Here at Saltash we are determined to improve the life chances of every single student on roll, developing happy and healthy citizens who make a positive contribution to our local community and to wider society. Our curriculum is firmly underpinned by our TEAM values of Tenacity, Empathy, Aspiration and Motivation; attributes that will enable our students to succeed in a rapidly changing world. 

All students follow a broad and balanced curriculum, studying a full range of subjects throughout Years 7-9. Students choose four areas of specialism at the end of Year 9 alongside the core curriculum of English, Maths, Science, Games, Religion and Ethics and Personal Development. 

As a proud member of SMART, we have worked together as a group of primary and secondary schools to create a curriculum based on core concepts that are significant for each subject, carefully structuring our programmes of study so that students learn, remember and can apply more of what they know across a range of contexts. 




Our world is digital. An understanding of computer science will enable young people to make informed choices in their digital world. This is important for all our children, not just those who will become the graphic designers, games programmers or software engineers of the future.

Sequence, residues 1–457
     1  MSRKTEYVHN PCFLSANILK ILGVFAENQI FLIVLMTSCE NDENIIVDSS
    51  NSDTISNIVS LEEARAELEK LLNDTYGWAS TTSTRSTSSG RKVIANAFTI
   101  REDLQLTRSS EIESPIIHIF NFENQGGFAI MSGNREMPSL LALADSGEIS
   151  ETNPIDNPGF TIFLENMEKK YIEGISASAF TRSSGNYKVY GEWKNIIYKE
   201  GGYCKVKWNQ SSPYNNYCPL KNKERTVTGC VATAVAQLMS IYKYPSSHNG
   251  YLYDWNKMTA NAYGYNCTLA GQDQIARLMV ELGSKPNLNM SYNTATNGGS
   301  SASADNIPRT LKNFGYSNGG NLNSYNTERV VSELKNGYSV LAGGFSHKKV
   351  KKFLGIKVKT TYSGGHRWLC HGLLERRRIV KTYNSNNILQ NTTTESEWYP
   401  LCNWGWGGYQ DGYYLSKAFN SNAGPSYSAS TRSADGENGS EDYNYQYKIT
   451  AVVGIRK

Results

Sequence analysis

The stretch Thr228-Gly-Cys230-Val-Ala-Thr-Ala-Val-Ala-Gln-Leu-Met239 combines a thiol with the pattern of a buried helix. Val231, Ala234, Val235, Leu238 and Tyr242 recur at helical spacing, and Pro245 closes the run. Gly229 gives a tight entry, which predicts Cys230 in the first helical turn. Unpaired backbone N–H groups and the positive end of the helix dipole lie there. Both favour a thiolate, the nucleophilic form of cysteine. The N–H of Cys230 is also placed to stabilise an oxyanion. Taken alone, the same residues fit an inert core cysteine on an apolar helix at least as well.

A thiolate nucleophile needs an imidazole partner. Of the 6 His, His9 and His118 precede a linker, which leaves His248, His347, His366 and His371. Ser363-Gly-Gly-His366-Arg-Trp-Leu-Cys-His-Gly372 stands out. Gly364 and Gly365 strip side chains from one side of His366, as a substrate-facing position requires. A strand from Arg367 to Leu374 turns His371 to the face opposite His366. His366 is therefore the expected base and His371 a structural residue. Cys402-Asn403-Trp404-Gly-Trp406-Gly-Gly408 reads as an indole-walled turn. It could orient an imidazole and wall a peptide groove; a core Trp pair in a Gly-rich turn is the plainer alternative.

The Computing Curriculum is designed to equip students with knowledge, understanding, skills and a desire to learn more about the three disciplines within Computing: IT, Digital Literacy and Computer Science. 

They will learn IT skills that will help them use a computer well, create digital products and become effective digital citizens. 

They will become digitally literate including staying safe online, understanding the impact of computing, and learning the key moments that shaped our digital world. 

And they will study Computer Science: how computers work, how they communicate globally, why Computational Thinking helps us solve problems, and how to create algorithms and programs to achieve our goals.